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Mainframe upgrades and high performance computing (HPC) have helped to limit the decline in server sales for Q2 2015, according to analyst IDC.
In the second quarter of 2015 the EMEA server market saw an end to the continued growth of the previous four quarters, with supplier revenue at $3.1bn and 525,059 units shipped — a year-on-year decline of 2.5% and 4.5% respectively, IDC stated.
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Although Windows-based servers still constitute 51.4% of Western European revenue, Linux systems continue to ramp up, the analyst noted.
In particular, IDC found the new z13 mainframe was driving adoption of Linux.
"The noticeable growth in mainframes can be attributed to two key factors," said Giorgio Nebuloni, associate research director, European Infrastructure, at IDC.
"The first is the cyclical refresh of installed base with the latest IBM System z13 systems, which were made available at the beginning of 2015. The second is the use of Linux as a bridge to expand mainframe use in existing accounts in adjacent areas, with either consolidation initiatives or big data projects.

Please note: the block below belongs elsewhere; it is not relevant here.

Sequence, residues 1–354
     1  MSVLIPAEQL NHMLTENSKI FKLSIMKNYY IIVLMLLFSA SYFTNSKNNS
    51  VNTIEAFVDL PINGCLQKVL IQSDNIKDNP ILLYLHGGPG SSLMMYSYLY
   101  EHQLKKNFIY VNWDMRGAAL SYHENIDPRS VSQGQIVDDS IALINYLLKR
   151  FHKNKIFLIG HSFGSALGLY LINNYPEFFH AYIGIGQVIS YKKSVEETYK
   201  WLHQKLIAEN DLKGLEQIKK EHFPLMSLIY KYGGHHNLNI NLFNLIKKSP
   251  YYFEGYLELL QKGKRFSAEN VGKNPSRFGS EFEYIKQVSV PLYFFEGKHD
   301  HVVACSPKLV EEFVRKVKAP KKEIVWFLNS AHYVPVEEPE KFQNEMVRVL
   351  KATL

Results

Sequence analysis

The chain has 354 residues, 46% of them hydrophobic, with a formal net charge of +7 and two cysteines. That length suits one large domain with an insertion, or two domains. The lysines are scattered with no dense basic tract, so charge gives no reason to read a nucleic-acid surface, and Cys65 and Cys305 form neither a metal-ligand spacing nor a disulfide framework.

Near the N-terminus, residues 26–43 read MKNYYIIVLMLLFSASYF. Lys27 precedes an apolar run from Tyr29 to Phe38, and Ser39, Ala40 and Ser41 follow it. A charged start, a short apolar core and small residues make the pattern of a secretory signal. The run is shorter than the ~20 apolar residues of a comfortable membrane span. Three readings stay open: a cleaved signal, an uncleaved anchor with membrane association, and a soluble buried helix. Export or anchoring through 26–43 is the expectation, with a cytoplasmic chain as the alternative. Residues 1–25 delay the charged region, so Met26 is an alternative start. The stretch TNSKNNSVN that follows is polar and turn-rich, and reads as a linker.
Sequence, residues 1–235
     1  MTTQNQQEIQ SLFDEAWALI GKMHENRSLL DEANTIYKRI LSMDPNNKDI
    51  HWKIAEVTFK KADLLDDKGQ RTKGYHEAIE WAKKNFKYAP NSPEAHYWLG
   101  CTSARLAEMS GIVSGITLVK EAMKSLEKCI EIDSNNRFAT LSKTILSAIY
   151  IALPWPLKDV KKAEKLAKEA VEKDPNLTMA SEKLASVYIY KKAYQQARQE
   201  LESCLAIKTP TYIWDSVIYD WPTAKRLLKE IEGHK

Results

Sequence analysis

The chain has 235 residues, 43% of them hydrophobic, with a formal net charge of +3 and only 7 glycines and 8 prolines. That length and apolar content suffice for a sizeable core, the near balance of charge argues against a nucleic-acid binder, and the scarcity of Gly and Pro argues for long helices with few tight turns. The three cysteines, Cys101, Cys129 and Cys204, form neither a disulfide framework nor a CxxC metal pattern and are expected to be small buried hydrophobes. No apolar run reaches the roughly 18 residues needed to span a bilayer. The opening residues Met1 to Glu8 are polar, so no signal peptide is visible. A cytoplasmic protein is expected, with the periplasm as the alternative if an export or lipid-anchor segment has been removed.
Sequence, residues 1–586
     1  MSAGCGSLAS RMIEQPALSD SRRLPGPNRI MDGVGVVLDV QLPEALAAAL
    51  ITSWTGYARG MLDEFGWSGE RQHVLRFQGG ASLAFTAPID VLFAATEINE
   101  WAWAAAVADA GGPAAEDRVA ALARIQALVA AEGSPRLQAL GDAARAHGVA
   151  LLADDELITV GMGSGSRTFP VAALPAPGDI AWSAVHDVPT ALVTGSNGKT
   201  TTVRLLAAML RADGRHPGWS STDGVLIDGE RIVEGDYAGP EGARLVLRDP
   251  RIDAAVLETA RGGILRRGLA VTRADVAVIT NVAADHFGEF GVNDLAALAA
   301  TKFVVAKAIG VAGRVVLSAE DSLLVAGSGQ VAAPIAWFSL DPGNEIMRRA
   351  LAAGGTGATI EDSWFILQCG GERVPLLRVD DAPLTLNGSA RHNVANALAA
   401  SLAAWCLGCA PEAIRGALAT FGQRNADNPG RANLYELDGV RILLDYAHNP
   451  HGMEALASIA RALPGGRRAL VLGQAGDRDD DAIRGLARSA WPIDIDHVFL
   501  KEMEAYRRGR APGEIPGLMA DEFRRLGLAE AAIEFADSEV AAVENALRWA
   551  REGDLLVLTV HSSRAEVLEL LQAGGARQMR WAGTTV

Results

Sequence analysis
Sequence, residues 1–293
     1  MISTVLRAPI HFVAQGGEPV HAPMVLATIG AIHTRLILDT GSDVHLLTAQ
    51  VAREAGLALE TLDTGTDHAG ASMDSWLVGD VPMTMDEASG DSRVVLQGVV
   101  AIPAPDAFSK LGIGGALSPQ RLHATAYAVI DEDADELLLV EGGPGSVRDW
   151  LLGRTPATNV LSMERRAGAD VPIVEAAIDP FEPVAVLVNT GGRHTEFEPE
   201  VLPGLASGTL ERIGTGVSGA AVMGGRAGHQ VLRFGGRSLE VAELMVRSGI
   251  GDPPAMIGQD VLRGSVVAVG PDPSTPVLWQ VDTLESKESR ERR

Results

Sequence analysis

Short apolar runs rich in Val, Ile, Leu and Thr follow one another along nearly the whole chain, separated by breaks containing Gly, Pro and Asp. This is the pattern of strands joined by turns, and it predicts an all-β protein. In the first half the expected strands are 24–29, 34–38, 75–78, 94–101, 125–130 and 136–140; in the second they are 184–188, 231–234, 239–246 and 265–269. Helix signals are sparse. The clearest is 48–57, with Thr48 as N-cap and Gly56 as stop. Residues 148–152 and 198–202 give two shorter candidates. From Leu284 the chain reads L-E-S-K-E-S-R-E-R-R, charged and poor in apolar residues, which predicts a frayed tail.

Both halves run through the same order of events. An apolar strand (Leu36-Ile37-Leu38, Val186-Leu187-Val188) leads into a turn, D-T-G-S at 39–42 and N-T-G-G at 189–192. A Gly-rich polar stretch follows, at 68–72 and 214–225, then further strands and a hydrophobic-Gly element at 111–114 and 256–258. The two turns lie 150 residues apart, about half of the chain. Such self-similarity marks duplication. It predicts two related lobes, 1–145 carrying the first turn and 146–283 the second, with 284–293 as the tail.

"Due to the cyclical pace of refreshes, we remain cautious on non-x86 system spending for the second half of 2015."
Andreas Olah, IDC senior research analyst, European Infrastructure, said: "On the x86 side, several HPC projects – mainly by universities and meteorology institutes – contributed to larger volumes that helped avoid a greater overall decline in shipments."
"ODMs are continuing to gain wider traction with double-digit growth rates, driven primarily by large service providers but also increasingly by inroads into other sectors such as telcos. While blades remain popular for higher-end machines, standard x86 rack servers are the only form factor that managed to grow year on year in unit terms this quarter in Western Europe."
As Computer Weekly previously reported, the strong US dollar has had an impact on server sales. The flat performance of the Western European market in dollar terms in 2Q15 – a decline of 0.3%, year on year – was mainly driven by the strengthening of the dollar against European currencies, IDC noted.